A calculus is more like a logic: it’s a symbol system with a set of rules that define what you can do with it. But with a calculus, the operations are defined syntactically – without knowing what you’re manipulating, you can do things with a calculus. For a calculus (just like for a logic), there is a model which defines the semantics for the calculus – but the calculus dictates the model.
    Personally, I find a calculus to be more like a logicians version of an automaton than an algebra.

  4. Reinier

    I think I see what mean, but I do not see the distinction you make.
    There is an ambiguity in the term “semantics” here. On one hand, it refers to how things behave: what we can do with them. Taken that way, I think your statement is incorrect: everything we can do with rational numbers, for instance, is entirely defined by the algebra of rational numbers. Everything we can do with the objects of a particular algebra is defined entirely by the construction rules and equivalence rules defined by that algebra. Calculation with rational numbers is just as syntactical as, say, calculation in lambda calculus.
    Logicians have a different view of what semantics is: they think it is about reference. They build formal systems, with formal manipulation rules, but do not study them in isolation; instead, they study their correspondence with some other system. When they get really serious they provide a mathematical description of this second system and its own rules, and then they can formally reason about questions such as whether the first system accurately and completely describes the second (soundness and completeness).
    What I don’t like about this is the metaphysics, the way logicians talk about it. The terms and the rules of the formal system are called “just syntax” and “meaningless”. The correspondence is called an “interpretation” of the formal system. The second system is supposed to be “the real thing out there”. The correspondence is said to give the formal system its meaning (semantics).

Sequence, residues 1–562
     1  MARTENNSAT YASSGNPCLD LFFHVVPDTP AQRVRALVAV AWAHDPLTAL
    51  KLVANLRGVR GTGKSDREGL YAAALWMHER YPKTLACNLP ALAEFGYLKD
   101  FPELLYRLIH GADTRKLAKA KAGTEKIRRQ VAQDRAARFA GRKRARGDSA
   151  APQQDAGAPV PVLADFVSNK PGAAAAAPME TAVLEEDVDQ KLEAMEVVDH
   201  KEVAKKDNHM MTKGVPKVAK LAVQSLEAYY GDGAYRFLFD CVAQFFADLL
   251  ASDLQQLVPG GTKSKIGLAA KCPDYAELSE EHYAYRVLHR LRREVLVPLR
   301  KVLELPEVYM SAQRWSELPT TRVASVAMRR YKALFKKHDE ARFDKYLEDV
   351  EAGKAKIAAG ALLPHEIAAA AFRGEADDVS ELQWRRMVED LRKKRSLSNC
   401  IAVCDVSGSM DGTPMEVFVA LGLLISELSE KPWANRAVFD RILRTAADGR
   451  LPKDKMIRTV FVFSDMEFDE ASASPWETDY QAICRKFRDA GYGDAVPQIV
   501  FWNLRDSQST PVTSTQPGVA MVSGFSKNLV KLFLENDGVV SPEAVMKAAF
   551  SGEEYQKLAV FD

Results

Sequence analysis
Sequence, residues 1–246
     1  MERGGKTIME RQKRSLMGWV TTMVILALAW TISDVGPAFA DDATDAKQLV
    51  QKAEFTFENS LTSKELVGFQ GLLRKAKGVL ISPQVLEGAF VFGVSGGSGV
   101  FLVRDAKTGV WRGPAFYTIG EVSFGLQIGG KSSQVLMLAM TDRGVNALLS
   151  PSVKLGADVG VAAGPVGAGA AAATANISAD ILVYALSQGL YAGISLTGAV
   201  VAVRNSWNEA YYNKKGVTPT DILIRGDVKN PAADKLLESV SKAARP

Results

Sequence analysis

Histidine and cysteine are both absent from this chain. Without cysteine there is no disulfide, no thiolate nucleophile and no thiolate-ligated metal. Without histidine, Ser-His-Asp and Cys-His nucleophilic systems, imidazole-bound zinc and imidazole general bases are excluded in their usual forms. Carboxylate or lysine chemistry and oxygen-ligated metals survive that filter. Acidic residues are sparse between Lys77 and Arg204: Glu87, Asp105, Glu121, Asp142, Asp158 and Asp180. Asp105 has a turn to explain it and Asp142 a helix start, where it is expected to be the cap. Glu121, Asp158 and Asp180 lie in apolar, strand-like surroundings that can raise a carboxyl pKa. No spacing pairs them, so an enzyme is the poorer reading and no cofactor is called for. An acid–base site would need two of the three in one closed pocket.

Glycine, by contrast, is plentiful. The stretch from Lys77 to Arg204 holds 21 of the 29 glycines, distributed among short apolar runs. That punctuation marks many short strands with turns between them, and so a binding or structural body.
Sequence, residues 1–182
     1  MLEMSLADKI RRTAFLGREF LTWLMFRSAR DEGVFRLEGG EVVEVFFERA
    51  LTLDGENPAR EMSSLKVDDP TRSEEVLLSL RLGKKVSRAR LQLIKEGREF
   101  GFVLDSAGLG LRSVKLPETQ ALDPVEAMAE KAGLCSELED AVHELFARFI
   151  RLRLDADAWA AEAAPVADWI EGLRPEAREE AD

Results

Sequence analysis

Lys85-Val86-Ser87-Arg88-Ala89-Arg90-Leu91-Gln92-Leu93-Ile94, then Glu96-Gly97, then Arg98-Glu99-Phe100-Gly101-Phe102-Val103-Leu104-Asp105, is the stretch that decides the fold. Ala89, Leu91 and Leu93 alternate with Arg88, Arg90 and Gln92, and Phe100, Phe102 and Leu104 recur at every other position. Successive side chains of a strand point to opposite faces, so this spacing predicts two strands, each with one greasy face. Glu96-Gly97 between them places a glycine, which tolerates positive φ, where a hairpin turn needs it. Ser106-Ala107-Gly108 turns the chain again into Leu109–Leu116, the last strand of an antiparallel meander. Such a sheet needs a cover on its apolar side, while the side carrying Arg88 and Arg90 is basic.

This often makes perfect sense, e.g. when the second system has many other known or unknown properties and rules and the first is only an abstraction of a tiny aspect of it. But I think it’s wrong to be categorical about it, and say that a formal system always acquires its meaning through an interpretation of this kind. In particular, I think it’s misleading to apply this to the algebra of rational numbers, or number theory in general. There is no such thing as “the actual rational numbers out there” that supposedly provides the semantics for the algebra of rational numbers. What we do have is real-world situations in which rational numbers can be applied, so whenever we want to apply rational numbers we do establish a correspondence between their algebra and some system in which rational quantities play a role. But that correspondence doesn’t define the semantics of rational numbers.
    (Sorry to use up so much space. I’m not even sure if discussion of this kind is appropriate here – it’s more about terminology than about mathematics itself.)

  5. Anonymous

    The same structure [Algebra] that has the rational numbers as a model, also as, for instance, the rational functions [polynomial dividing polynomial] as a model.